Graduate student appointed as Kent State Board of Trustees member

Daniel Moore

Governor John Kasich has appointed Kent State graduate student Chelsea Knowles to serve as the student member of the Kent State Board of Trustees.

“I’ve always been a fan of public service, and that’s something that I want to pursue as a career,” Knowles said.

Knowles completed her Bachelor’s degree in Business Administration in Managerial Marketing last May and is studying to receive her Master of Public Administration with a concentration in Public Policy. She said several interests led her to apply for the board position.

“I’m very passionate about Kent State and the issues that go on here,” she said. “I’m passionate about the happenings within the community as well as … how we are related to our students and our faculty and other businesses in the area.”

The 11-member board has two non-voting positions for students — one graduate and one undergraduate. Knowles replaces Katherine O’Brien, whose term ended in May, and joins Brady Ruffer, the undergraduate student trustee.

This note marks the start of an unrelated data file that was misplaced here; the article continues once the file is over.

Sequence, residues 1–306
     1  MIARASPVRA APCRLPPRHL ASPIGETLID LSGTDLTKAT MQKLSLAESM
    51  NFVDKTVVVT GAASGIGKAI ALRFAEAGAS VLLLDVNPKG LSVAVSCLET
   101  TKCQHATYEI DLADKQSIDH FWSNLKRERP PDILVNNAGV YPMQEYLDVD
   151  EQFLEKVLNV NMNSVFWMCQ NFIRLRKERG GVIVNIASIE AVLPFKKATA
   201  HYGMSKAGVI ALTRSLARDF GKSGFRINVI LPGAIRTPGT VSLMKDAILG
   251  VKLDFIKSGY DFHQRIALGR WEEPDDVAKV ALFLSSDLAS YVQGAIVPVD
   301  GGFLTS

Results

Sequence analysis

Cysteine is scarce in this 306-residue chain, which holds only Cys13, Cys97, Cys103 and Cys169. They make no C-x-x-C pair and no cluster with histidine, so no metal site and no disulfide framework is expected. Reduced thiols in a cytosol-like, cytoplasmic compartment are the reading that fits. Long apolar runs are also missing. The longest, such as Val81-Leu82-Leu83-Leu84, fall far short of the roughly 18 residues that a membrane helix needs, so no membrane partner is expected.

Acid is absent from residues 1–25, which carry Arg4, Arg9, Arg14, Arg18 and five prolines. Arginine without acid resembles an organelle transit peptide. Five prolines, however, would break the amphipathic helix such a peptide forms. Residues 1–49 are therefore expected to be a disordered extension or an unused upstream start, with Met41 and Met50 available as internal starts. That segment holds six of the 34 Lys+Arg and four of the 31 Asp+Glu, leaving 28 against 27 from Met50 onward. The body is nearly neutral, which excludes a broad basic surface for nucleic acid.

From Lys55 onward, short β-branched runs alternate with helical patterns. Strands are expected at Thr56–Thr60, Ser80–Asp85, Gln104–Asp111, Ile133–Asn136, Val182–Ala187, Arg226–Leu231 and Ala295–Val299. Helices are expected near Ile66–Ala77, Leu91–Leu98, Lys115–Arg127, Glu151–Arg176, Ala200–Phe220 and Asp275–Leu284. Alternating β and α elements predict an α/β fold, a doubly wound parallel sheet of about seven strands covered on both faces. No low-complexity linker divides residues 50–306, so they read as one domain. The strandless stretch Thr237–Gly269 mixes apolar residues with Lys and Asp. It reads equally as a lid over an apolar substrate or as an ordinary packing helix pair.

Knowles said the process of becoming a student trustee was a standard application process.

“It was actually quite a lengthy process,” she said. “It started back in April. We had to send in (a) resume, cover letter and get a recommendation letter. I got called back for an interview.”

The interview, she said, was the basic job interview with important university officials. The university could send up to five names to the governor’s office, which made the final decision.

Knowles said she was told she would find out in June or July whether she got the position, but was notified only last Tuesday.

Each student trustee has a two-year term. Knowles said she will sit on the Finance and Administration and Audit committees this year and will switch to the other two board committees next year.

President Lester Lefton said Knowles’ appointment represents a fantastic opportunity for students to see the inner processes and procedures of running a university.

“I think it’s a terrific experience for a student to be able to see how things work,” Lefton said. “It’s a great experiential learning event for them, particularly for students who are interested in going on in higher education — if only because they’ll end up having to attend all the meetings. So it’s sort of like a forced experience.”

Knowles said she hopes to gain that experience from what it’s like to serve.

“I mean, I know technically I’m not a public official, but I’m in a public position to just voice concerns from a larger body,” Knowles said. “(I’m) not speaking from a personal perspective but trying to represent the graduate student body.”

Contact Daniel Moore at [email protected].